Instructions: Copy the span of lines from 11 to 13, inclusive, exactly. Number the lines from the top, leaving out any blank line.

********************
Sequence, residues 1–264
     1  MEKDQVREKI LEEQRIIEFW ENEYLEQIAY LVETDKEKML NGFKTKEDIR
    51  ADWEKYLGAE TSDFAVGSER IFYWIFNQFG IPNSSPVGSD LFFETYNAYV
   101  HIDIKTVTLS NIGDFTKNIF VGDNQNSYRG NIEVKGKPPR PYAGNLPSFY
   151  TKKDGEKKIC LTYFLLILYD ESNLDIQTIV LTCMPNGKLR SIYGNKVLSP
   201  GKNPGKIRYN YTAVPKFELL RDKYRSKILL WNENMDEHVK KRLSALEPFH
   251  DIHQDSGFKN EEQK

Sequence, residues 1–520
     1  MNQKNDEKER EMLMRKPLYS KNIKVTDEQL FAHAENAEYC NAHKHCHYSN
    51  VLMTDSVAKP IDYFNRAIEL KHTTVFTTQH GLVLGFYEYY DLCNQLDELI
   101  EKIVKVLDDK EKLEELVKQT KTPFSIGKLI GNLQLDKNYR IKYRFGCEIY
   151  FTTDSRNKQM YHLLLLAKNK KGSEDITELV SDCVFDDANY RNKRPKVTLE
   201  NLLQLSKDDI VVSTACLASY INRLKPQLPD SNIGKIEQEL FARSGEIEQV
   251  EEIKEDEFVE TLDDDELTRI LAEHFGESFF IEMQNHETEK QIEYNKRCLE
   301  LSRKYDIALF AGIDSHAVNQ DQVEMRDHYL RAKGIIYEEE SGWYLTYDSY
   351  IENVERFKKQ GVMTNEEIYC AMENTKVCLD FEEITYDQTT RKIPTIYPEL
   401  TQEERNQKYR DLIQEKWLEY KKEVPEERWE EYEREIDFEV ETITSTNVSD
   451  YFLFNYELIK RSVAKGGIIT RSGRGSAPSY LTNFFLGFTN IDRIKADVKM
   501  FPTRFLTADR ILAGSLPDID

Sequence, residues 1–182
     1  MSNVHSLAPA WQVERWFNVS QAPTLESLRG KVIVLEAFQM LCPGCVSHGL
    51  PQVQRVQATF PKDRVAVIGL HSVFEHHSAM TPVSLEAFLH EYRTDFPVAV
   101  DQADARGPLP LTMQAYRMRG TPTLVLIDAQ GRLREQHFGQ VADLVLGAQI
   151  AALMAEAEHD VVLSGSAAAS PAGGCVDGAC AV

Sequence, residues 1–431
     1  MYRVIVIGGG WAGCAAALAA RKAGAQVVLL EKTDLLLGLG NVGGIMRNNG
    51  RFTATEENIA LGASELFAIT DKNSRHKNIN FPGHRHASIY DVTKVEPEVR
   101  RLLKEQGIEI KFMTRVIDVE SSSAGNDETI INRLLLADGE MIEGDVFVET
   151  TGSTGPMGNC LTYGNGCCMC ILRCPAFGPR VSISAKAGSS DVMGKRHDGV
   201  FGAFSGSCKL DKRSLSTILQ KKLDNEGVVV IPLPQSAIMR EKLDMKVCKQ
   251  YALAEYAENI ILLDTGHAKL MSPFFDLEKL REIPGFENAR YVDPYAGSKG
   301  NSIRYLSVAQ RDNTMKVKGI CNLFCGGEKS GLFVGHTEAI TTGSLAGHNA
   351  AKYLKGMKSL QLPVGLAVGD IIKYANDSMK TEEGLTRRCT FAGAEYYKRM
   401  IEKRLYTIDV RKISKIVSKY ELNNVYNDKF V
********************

   101  EKIVKVLDDK EKLEELVKQT KTPFSIGKLI GNLQLDKNYR IKYRFGCEIY
   151  FTTDSRNKQM YHLLLLAKNK KGSEDITELV SDCVFDDANY RNKRPKVTLE
   201  NLLQLSKDDI VVSTACLASY INRLKPQLPD SNIGKIEQEL FARSGEIEQV